Sarah Mye

And there are more people who will contribute in still other ways, including participating in the Summer Academy.  One School means a lot of things.  It means not worrying about status or where you are in the organization when it comes to getting things done.  Everyone has a role to play, and none of it happens without both faculty and professional staff.  One School also means that once we have made an institutional commitment, such as LFNC, then all of us will do whatever we can to make it successful.  The culture of One School happens because we hire talented and generous people who are dedicated to the School’s public service mission.

Kara and Dylan will be in Washington, D.C. with the Fellows next week at Lead for America’s Changemaker Summit.  They will hear from interesting speakers and get to know one another.  The Fellows will learn about the nonpartisan and policy-neutral values of the School.  Then the Summer Academy kicks off in Chapel Hill on July 7.  Congratulations to everyone for making LFNC a reality!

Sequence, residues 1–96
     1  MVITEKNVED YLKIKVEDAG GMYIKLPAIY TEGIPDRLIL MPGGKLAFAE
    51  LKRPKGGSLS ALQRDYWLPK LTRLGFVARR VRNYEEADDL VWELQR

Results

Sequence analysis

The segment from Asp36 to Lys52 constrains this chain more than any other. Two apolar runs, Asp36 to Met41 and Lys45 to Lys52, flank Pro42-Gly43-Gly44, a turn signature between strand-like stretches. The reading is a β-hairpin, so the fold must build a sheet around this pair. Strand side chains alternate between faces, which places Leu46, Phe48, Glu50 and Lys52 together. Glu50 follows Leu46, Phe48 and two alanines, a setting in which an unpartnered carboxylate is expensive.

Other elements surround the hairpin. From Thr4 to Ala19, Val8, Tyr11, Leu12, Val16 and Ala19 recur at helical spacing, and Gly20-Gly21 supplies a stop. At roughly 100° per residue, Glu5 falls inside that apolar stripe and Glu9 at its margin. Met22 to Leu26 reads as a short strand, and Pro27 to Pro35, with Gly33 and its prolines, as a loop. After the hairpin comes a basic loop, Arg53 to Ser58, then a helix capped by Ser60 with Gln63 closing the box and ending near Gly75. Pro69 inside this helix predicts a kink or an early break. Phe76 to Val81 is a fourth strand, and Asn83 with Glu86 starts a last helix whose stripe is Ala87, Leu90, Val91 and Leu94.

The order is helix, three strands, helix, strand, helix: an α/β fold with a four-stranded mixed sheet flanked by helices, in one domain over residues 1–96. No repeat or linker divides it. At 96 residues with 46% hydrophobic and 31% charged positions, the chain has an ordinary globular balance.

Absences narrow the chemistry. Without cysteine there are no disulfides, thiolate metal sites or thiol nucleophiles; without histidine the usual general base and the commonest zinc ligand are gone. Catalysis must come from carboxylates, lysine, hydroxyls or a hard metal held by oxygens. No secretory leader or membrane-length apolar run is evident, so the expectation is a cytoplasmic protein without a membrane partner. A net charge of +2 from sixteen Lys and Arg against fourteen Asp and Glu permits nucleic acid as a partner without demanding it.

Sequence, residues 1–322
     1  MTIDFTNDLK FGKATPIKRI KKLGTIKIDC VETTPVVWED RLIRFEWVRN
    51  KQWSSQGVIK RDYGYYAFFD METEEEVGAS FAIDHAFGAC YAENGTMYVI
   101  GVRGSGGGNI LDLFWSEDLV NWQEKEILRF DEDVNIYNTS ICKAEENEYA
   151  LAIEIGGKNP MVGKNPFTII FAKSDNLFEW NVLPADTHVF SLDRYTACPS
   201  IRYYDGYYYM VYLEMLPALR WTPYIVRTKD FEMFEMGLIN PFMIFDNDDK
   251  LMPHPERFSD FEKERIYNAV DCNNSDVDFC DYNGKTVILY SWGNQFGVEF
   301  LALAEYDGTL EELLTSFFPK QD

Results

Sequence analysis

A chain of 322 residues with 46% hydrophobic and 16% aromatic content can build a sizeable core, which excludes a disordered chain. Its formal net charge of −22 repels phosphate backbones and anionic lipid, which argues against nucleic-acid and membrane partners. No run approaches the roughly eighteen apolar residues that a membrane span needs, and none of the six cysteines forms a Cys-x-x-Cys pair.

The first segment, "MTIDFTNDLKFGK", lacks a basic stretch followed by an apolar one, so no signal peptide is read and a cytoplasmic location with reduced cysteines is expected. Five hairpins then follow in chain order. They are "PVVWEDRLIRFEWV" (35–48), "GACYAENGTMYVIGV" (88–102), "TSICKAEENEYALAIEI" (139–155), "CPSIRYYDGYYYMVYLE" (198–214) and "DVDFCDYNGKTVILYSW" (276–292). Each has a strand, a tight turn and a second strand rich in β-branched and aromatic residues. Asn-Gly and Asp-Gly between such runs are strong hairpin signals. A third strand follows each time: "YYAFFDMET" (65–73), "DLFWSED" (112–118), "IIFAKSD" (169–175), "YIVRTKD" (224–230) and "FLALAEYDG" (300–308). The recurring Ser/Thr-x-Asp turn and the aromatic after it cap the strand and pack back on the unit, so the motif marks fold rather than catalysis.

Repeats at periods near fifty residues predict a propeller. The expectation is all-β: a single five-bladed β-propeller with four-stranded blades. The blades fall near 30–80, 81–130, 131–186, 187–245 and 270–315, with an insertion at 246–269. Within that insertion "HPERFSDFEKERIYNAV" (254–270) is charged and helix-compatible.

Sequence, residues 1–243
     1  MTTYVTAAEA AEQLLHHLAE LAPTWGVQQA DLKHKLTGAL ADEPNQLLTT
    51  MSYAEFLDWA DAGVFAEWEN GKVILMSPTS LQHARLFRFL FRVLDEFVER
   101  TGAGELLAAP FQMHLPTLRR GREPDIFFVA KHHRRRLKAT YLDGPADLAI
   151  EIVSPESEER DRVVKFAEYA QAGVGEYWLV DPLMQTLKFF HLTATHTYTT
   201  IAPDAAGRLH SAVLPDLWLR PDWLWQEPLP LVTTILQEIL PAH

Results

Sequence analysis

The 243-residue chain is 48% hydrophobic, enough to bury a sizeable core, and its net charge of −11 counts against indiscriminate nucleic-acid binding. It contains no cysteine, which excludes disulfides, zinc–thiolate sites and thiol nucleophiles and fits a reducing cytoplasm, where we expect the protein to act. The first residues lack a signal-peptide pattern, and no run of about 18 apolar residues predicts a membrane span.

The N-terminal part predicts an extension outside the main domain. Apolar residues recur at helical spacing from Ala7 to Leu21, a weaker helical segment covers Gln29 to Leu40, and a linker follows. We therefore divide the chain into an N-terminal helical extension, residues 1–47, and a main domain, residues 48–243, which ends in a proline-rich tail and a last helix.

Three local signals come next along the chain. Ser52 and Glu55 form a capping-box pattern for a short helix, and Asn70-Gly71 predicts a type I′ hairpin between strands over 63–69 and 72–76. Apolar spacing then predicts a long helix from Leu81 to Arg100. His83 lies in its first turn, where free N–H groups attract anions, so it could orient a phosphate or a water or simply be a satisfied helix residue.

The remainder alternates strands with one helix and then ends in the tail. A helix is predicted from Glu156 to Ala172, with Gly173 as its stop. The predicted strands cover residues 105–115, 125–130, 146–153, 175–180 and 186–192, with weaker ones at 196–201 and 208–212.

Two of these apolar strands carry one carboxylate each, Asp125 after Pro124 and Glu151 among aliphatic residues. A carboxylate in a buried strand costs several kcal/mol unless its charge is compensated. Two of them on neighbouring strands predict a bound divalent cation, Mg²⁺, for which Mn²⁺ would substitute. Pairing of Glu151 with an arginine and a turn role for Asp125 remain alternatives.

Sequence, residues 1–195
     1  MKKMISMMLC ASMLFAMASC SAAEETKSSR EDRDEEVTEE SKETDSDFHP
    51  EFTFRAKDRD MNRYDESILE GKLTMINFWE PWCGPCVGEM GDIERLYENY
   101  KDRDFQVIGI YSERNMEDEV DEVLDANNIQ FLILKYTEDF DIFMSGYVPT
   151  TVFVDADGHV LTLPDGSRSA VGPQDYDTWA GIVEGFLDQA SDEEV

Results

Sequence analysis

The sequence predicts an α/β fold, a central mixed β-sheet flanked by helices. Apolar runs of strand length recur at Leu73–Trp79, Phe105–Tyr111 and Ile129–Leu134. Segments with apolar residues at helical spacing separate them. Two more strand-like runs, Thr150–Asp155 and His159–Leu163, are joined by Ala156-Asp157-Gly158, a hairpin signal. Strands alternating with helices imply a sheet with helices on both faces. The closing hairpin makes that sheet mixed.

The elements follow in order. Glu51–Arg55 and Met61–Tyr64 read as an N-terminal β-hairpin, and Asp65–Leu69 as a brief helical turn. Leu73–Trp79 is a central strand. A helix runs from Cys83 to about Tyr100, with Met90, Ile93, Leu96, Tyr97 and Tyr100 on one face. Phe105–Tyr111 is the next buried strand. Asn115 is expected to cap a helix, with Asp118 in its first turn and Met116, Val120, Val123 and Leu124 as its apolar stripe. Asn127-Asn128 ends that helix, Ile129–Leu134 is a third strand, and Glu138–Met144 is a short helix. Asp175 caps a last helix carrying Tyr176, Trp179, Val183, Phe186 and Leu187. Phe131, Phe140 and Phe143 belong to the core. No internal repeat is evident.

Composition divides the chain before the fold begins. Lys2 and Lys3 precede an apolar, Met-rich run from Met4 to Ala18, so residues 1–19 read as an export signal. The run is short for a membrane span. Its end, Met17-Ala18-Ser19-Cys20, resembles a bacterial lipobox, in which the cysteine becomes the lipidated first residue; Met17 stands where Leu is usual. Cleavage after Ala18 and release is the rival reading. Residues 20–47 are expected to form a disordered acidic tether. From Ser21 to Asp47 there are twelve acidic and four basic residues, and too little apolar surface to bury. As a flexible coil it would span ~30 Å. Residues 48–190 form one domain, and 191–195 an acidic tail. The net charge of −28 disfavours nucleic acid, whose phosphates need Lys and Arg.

Elkin Downtown Historic District

1 thought on “Lead for North Carolina

  1. Hooray Chapel Hill SOG for making this a reality. Getting good young people into good government. What a fitting task for UNC-CH to undertake. I’m also glad you’re sending Fellows to my hometown of Elkin. – Rah Bickley, UNC-CH ’86